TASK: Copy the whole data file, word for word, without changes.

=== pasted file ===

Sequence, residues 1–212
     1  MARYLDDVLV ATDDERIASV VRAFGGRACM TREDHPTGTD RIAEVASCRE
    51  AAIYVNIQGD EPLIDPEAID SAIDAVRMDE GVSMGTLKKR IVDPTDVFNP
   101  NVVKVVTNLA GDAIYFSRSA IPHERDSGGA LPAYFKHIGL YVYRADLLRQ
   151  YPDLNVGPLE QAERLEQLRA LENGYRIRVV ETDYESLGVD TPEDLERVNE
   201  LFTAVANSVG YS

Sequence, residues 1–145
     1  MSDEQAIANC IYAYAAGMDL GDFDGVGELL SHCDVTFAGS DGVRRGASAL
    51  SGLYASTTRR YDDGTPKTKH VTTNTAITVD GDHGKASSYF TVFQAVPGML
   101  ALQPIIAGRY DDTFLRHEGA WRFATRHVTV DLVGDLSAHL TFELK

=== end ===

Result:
Sequence, residues 1–212
     1  MARYLDDVLV ATDDERIASV VRAFGGRACM TREDHPTGTD RIAEVASCRE
    51  AAIYVNIQGD EPLIDPEAID SAIDAVRMDE GVSMGTLKKR IVDPTDVFNP
   101  NVVKVVTNLA GDAIYFSRSA IPHERDSGGA LPAYFKHIGL YVYRADLLRQ
   151  YPDLNVGPLE QAERLEQLRA LENGYRIRVV ETDYESLGVD TPEDLERVNE
   201  LFTAVANSVG YS

Sequence, residues 1–145
     1  MSDEQAIANC IYAYAAGMDL GDFDGVGELL SHCDVTFAGS DGVRRGASAL
    51  SGLYASTTRR YDDGTPKTKH VTTNTAITVD GDHGKASSYF TVFQAVPGML
   101  ALQPIIAGRY DDTFLRHEGA WRFATRHVTV DLVGDLSAHL TFELK